So, if an application exposes an OData REST API (using Microsoft.AspNet.WebApi.OData and Microsoft.Data.OData), and the application supports Batch Processing, an attacker can easily shutdown the application remotely!!

In Microsoft’s “Security Guidance for ASP.NET Web API 2 OData” it is recommended to apply restrictions to the filter received by the user, in order to prevent DOS attacks (heavy database queries or complex queries).

The infrastructure provides a powerful method for restricting the OData capabilities. One of the restrictions is MaxNodeCount, which restricts the number of nodes in the filter’s expression. The default value for this restriction is 100 nodes, and the user can easily change this default:

[EnableQuery(MaxNodeCount = 20)]
public IHttpActionResult Get()
{
    return Ok(context.Issues);
}

The filter expression required for initiating SOE contains thousands of nodes, so theoretically it should block the malicious request. In practice, however, the validation uses the vulnerable function to analyse the filter before it applies the restrictions and the validation itself throws the SOE and terminates the process.

This is an example of a well-written library that generally limits the depth for recursive paths in the code, but still misses at least one path (I tried some other nested expressions, but I got a proper error: “Recursion depth exceeded allowed limit.”). It looks as though the developers that wrote this library followed the guidelines, but simply missed one path, and this is enough to enable the vulnerability.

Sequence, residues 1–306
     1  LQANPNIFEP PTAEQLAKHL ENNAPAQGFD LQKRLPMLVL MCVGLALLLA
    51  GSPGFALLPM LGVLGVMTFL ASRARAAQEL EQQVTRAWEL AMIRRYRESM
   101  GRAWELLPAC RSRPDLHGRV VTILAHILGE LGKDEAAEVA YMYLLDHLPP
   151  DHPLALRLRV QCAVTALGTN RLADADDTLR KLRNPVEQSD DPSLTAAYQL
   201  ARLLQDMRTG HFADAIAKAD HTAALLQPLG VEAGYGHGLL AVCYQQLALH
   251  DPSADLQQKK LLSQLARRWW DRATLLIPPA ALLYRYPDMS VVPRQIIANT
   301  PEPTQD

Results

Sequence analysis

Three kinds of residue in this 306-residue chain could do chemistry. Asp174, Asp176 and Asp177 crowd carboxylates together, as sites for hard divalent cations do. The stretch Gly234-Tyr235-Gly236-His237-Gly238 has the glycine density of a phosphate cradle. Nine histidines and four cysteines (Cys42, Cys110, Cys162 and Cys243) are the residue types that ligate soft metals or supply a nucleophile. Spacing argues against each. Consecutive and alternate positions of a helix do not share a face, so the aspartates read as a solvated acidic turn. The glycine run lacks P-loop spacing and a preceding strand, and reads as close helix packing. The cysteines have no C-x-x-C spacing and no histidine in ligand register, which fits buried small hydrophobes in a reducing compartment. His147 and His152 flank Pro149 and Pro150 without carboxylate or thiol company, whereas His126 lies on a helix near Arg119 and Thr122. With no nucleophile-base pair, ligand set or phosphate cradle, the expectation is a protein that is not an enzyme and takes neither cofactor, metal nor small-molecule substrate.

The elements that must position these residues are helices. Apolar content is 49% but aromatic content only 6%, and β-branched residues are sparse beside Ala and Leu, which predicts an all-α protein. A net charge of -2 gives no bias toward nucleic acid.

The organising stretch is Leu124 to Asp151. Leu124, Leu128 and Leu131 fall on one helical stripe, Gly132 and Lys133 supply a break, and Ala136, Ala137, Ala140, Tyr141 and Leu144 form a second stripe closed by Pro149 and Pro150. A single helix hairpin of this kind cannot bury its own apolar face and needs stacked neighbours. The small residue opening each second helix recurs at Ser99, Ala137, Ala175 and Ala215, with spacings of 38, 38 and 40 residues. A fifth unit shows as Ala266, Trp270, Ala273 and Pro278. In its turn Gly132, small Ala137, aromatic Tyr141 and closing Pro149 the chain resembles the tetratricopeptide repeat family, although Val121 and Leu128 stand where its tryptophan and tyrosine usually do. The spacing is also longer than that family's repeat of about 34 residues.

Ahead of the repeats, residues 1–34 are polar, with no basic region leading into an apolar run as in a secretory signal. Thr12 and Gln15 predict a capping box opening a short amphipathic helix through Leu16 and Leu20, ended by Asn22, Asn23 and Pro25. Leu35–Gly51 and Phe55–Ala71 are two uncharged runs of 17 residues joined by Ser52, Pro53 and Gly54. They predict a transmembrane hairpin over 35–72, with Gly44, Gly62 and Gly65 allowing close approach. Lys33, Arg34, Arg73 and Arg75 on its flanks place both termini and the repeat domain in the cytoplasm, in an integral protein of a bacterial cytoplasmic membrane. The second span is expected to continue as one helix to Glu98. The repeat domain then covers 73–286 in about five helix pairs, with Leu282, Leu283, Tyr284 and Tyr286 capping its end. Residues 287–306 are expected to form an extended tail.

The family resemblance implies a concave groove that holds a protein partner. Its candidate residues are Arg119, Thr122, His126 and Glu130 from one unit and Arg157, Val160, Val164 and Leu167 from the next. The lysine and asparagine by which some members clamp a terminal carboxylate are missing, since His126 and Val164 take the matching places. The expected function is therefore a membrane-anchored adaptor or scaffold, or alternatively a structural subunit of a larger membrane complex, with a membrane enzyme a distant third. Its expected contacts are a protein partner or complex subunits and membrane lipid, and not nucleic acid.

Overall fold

I encountered a similar issue in some other very common libraries and also in the .NET Framework itself:

Conclusions

The consequences of SOE in .NET are severe, as it immediately terminates the process, but it is often not a simple matter to limit recursion depth in all recursive paths.

Is it really necessary to terminate the process in the case of stack overflow?

In early versions of .NET (1.0 and 1.1), SOE did not terminate the process. It was simply another catchable exception, though I assume it caused a lot of stability issues. Instead of solving these issues, Microsoft chose the simplest solution: terminating the process.

By doing this Microsoft in effect passed the responsibility on to the developer: “Starting with the .NET Framework 2.0, you can’t catch a StackOverflowException object with a try/catch block, and the corresponding process is terminated by default. Consequently, you should write your code to detect and prevent a stack overflow.”

Alternative approach

In Java, stack overflow does not terminate the process, and in most of the cases it is possible to recover from stack overflow without any consequences. So how Java does it?

Java language differentiates between Exception and Error.

Exception “indicates conditions that a reasonable application might want to catch”, while Error “indicates serious problems that a reasonable application should not try to catch”.

StackOverflowError is a type of Error, and therefore is not caught by a general exception catch. Libraries and web applications should not catch and handle errors, they should leave it to the hosting code (the server for a web application).

The advantage of this architecture is that the StackOverflowError is handled outside the recursive loop, so the code that handles it is executed after unwinding all the stack that was involved in the loop and there is enough space to handle the error.

OpenJDK implements some mechanisms to gracefully handle stack overflow. A few pages at the bottom of the stack are reserved for handling stack overflow (yellow zone). When a new function is invoked, before actually allocating a frame on the stack, a test is done to verify that the new frame will not reach the yellow zone (Stack banging). In the case of failure, the yellow zone is added to the stack and a StackOverflowError is thrown. The yellow zone pages will be available for the creation and handling of the StackOverflowError.

Recently a new feature was added to reduce the chance of deadlocks in case of stack overflow: http://openjdk.java.net/jeps/270